Hydrologists (Ukrainian) note that practically such a channel is possible ... the Ukrainian authorities and the scientific community should take into account such a possibility in order to stop the aggressor in time.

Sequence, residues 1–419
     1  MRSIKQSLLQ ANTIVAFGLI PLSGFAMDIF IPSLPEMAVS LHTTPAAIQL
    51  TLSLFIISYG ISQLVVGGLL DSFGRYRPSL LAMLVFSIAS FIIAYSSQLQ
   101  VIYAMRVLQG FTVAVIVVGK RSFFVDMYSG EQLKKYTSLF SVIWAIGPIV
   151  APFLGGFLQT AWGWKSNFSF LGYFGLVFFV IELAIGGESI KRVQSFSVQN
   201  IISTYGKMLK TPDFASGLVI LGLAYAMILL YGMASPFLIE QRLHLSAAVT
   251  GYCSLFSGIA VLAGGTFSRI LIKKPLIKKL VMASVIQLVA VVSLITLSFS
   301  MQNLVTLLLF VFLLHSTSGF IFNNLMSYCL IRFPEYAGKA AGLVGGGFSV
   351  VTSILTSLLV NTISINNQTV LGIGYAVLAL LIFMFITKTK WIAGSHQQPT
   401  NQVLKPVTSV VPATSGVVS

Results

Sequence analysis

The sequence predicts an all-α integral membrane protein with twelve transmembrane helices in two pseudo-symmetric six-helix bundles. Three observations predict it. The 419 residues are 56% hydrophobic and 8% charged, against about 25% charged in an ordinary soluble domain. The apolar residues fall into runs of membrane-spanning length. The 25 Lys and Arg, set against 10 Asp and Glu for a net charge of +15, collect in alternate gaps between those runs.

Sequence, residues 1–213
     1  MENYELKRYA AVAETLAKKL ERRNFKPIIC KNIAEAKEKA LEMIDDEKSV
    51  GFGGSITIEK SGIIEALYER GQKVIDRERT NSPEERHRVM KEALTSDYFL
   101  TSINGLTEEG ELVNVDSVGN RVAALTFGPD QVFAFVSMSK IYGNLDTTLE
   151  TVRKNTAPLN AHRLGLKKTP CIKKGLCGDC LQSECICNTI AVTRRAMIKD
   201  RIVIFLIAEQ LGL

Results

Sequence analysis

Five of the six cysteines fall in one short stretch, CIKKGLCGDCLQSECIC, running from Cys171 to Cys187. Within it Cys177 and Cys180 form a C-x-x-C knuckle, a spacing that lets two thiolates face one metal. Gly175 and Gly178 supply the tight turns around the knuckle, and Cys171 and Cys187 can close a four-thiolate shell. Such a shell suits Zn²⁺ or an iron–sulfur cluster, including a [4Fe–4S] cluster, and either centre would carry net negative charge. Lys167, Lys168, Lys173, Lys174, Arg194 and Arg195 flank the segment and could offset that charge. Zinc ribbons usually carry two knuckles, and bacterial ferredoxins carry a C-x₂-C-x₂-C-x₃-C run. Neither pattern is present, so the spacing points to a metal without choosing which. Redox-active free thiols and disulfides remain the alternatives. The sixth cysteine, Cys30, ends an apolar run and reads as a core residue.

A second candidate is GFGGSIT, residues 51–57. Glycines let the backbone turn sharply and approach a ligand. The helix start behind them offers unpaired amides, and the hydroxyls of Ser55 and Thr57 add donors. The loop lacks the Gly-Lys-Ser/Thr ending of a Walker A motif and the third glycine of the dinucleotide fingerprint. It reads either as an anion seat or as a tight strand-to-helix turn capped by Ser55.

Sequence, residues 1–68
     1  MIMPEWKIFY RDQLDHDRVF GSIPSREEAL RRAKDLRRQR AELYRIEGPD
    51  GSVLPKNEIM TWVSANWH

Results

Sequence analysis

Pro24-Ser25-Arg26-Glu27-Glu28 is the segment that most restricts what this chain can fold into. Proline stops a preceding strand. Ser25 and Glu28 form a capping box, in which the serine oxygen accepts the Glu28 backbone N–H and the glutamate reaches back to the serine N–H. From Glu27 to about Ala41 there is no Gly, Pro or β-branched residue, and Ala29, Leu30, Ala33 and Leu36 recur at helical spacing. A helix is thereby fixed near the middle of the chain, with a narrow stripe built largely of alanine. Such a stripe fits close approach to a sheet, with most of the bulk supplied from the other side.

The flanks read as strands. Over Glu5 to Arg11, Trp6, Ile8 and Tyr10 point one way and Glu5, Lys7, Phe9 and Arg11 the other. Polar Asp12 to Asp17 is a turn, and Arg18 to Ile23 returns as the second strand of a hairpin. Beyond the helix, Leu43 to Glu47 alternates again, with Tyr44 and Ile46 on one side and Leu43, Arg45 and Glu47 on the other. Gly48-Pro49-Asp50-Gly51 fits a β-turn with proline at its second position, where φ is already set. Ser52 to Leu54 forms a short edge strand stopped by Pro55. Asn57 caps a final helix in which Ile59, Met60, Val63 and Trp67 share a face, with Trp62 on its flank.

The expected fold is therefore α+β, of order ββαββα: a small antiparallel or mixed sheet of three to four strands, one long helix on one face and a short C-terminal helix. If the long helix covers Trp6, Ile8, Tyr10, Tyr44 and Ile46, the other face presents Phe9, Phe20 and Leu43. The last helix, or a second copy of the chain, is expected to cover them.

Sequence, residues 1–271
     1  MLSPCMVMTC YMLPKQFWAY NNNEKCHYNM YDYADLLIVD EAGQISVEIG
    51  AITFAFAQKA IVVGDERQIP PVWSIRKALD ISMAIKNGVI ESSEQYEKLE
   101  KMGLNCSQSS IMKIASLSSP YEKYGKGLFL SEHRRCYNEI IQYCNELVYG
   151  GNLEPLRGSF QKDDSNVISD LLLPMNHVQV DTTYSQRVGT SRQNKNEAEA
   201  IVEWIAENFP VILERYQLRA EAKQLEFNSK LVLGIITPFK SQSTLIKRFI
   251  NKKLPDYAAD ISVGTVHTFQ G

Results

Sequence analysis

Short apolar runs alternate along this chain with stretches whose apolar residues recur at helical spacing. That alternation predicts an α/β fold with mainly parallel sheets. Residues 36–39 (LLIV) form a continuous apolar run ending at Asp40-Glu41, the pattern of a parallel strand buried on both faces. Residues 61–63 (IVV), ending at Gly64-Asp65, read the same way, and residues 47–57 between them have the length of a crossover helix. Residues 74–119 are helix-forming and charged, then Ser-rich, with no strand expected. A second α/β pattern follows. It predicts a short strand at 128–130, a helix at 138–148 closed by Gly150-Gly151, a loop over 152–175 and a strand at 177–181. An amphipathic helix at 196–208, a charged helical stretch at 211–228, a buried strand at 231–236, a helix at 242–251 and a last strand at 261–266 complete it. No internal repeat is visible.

“Stop the aggressor” - in fact, this can be understood as the beginning of a war. No kidding. Water supply is a matter of national security for any state. Wars for water have long been common. In Africa, this is the conflict between Egypt and Ethiopia. In the Middle East, over the waters of the Tigris and Euphrates rivers, three countries are at odds at once: Turkey, Syria and Iraq. India cannot share the Indus with Pakistan and the Ganges with Bangladesh. There is even a conflict between Russia and Kazakhstan with China over the waters of the Irtysh River. In other words, one should not be ironic about the incomparability of the forces of the Armed Forces of Ukraine and the Armed Forces of the Russian Federation, saying that Kiev may try to "stop the aggressor." Whether you like it or not, you will have to fight somehow.